• Definitely know what you mean. I felt my cool-level rise whenever I had it with me. Hah yeah not too sure about those wine drinks. But you should check out some of the alternate book covers for Lolita. There are some good ones in there. If you like stuff like that.
      Never heard of Aunt Julia and the Scriptwriter. However, I know from experience that South American writers just don’t do it for me. I like how you described it as “wooden” though. Hah. I’ll check out Traveling Sprinkler!

  3. Lolita is one of my top five favorite books. It’s a spectacular read (to me). I read it in my early 20’s and thought it was a well-written, comedic romp across the country. I loved every character. Then I read it again when I had a 10-year old daughter. I didn’t think it was so goddamn funny that time. Mostly, I was aghast that I once laughed at this story. I had forgotten how graphic some of it was. It’s amazing how life experiences can change your perception of a piece of art.

    • Totally! I loved the characters as well. Even though Humbert is kind of gross and creepy, you can’t help by being charmed by him. I have to give Vlad extreme props for making the reader feel so many differing emotions.

  4. I’m totally with you on Dark Places being less effective than Sharp Objects and Gone Girl. But you know, Dark Places did get a movie adaptation, which I found that a bit puzzling. Although maybe it could work out.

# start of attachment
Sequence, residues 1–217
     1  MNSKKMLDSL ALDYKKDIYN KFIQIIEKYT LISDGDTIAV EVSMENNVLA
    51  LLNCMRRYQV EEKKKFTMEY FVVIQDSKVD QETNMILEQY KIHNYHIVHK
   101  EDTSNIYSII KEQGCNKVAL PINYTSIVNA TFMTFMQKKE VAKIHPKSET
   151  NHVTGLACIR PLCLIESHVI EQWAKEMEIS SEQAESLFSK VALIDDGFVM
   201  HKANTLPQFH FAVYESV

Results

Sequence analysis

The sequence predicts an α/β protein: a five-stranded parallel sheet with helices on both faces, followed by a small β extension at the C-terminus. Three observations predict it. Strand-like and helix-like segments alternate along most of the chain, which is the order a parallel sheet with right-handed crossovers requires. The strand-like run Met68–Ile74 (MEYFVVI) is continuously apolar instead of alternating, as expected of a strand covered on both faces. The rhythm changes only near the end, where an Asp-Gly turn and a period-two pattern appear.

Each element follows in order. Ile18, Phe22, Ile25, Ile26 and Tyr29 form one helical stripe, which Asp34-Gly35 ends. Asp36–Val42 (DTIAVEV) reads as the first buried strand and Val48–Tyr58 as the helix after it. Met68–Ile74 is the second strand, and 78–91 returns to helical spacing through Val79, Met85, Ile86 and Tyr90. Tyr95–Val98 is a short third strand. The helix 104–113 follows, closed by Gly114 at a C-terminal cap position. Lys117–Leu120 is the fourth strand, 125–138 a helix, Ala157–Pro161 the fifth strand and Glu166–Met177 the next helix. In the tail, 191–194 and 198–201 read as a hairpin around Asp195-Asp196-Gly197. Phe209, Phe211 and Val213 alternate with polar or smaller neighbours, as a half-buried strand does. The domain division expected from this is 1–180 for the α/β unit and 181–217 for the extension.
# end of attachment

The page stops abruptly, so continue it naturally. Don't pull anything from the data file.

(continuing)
I would’ve loved to see Sharp Objects adapted more but maybe eventually, right? 🙂

    • I found that puzzling as well! I’m sure Sharp Objects will get a movie because it doesn’t seem like Flynn has an issue with giving away the rights. Plus it’s so short. Easy peasy. But yeah I think it should’ve been chosen before Dark Places. 😀

  5. Couldn’t agree more with your thoughts about Lolita! I read it about 5 years ago and became totally immersed in the story…until about halfway through, when I started to feel as though it was a bit repetitive. Hmm, symbolism maybe?

    In saying that, I read the afterword and basically learnt that Nabokov decided to write Lolita in English ‘just for kicks’. Great. One of the greatest authors and most beautifully written novels of all time was written by someone whose second language is English. I feel like a bit of a failure in comparison.

Comments are great, eh?

Fill in your details below or click an icon to log in: Logo

You are commenting using your account. Log Out /  Change )

Twitter picture

You are commenting using your Twitter account. Log Out /  Change )

Facebook photo

You are commenting using your Facebook account. Log Out /  Change )

Connecting to %s